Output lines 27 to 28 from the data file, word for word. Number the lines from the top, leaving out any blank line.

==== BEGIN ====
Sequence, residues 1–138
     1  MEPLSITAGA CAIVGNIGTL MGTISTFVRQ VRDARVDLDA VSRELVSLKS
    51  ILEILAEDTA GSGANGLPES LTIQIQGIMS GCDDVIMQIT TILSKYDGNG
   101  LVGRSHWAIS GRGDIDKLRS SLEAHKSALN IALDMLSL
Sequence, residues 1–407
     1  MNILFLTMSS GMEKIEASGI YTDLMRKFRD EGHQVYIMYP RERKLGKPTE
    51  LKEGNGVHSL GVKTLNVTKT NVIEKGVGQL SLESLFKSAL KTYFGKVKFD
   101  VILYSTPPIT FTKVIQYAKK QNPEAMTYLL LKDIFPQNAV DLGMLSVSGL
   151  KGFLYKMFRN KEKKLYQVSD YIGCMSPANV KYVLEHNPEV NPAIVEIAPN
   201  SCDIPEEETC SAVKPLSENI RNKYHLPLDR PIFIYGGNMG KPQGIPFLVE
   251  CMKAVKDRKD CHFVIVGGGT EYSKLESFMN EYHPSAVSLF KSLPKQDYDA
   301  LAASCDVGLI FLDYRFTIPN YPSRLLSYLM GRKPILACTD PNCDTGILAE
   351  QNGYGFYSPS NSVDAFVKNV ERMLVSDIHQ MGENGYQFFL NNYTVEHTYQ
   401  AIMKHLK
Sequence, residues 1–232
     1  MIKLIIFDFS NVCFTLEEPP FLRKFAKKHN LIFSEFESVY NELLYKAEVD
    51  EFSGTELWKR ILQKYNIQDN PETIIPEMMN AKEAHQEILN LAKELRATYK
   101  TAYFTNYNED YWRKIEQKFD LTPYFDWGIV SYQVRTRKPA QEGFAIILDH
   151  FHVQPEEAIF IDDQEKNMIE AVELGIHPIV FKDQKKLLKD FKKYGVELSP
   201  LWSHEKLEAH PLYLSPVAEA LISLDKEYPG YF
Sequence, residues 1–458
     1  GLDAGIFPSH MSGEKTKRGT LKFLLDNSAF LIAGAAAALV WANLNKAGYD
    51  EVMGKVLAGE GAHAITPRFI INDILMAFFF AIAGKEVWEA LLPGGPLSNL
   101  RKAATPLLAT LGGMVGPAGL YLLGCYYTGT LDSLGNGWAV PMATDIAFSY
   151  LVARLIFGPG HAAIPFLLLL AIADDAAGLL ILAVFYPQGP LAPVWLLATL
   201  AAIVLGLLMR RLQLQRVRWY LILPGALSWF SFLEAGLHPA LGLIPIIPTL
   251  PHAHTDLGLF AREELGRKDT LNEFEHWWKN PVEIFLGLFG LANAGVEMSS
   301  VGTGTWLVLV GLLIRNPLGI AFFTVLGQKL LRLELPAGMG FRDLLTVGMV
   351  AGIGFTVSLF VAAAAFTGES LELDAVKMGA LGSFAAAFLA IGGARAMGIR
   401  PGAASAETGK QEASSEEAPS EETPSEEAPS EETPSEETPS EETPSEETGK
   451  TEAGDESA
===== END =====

   251  PHAHTDLGLF AREELGRKDT LNEFEHWWKN PVEIFLGLFG LANAGVEMSS
   301  VGTGTWLVLV GLLIRNPLGI AFFTVLGQKL LRLELPAGMG FRDLLTVGMV